Until almost the day’s last minutes, the busyness didn’t relent.

Learning and Innovation

Outside Tesla, fair-food trucks and the sprawling flea market. In one of the day’s first sessions, ARRL Lab Manager George Spatta, W1GKS, overviewed procedures for QST’s Product Review section, and provided a wealth of background information about the new program, the ARRL Clean Signal initiative. Key objectives of the program are developing specifications and test procedures that will influence equipment design and manufacturing, and educating amateurs regarding signal purity -- like avoiding and overcoming poor-quality signals. The initiative is designed to incentivize manufacturers to clean up transceiver emissions beyond those that the FCC regulates. Spatta also promoted the two available jobs in the ARRL Lab ( ARRL RFI Engineer Steve Anderson, W1EMI, followed up with information about detecting and dealing with RFI, especially from evolving sources, such as grow lights and solar panels.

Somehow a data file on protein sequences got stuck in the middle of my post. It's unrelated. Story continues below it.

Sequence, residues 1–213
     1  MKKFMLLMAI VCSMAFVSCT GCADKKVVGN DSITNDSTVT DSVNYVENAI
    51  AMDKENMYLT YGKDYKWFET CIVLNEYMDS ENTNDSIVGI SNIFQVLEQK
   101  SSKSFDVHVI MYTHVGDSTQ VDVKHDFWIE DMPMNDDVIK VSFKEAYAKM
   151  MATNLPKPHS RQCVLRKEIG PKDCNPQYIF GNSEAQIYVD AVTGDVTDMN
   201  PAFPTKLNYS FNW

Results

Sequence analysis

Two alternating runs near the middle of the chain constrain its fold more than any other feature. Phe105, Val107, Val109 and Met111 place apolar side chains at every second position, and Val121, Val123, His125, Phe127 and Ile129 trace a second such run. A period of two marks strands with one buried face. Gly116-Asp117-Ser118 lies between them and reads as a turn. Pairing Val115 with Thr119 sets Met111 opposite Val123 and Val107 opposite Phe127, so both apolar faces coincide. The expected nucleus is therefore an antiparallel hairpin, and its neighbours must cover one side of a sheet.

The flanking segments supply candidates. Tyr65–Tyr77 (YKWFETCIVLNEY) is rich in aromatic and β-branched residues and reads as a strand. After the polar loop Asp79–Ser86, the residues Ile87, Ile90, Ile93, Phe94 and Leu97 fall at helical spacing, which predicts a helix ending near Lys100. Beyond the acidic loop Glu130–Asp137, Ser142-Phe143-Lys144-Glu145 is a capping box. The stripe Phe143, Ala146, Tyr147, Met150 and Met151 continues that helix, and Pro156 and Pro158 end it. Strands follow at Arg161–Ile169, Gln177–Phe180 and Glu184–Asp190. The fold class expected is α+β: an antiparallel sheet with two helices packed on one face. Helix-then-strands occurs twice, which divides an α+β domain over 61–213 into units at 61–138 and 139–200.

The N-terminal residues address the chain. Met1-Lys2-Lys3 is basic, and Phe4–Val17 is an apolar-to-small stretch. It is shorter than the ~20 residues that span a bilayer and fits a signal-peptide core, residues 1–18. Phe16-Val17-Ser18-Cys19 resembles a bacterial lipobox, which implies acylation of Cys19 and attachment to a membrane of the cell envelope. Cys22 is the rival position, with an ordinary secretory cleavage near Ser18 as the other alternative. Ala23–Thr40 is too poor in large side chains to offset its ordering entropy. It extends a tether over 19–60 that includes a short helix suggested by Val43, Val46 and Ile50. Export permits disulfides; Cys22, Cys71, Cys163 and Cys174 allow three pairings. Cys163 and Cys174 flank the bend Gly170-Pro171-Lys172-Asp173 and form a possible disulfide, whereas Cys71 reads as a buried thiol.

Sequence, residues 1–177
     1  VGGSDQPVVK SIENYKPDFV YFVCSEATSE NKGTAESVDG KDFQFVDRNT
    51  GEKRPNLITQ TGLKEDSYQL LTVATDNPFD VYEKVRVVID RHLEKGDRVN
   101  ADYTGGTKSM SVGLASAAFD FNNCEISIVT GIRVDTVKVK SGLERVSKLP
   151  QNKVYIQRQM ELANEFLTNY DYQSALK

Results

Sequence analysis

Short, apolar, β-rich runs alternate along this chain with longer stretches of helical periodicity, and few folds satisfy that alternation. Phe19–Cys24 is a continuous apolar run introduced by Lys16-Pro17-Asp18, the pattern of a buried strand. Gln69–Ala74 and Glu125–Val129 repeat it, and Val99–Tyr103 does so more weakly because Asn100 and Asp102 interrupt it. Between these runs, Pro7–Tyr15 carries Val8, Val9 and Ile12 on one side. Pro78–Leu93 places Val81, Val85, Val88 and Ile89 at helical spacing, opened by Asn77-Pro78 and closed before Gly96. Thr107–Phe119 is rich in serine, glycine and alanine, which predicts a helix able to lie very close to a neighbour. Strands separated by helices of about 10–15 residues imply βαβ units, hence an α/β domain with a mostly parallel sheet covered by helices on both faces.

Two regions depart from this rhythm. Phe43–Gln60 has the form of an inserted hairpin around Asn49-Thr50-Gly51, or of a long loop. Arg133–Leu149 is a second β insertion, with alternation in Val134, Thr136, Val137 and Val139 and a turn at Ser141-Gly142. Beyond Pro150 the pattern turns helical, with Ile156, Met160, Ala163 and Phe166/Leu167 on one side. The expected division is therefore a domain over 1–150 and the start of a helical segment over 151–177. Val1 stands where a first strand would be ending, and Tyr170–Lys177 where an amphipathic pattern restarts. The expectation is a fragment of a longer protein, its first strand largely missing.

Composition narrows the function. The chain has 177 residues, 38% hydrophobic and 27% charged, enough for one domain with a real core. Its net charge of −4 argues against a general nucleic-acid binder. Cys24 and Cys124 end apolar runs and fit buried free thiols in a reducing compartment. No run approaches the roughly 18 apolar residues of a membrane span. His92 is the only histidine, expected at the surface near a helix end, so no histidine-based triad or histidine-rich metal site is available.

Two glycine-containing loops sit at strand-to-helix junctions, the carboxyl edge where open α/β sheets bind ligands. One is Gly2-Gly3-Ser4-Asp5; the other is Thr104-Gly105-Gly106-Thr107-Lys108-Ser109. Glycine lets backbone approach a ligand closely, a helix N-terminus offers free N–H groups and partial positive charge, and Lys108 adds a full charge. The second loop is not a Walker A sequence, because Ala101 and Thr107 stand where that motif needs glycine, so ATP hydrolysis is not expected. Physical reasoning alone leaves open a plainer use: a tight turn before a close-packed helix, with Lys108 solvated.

Later in the afternoon, the Antenna Forum, moderated by Tim Duffy, K3LR, of DX Engineering, drew a sizeable crowd. There were a few spots available deep in the rows of chairs, but even the wall-space was full of hams eager to hear from Frank Donovan, W3LPL; Jim Breakall, WA3FET; Nathaniel Frissell, W2NAF, and Anthony Luscre, K8ZT.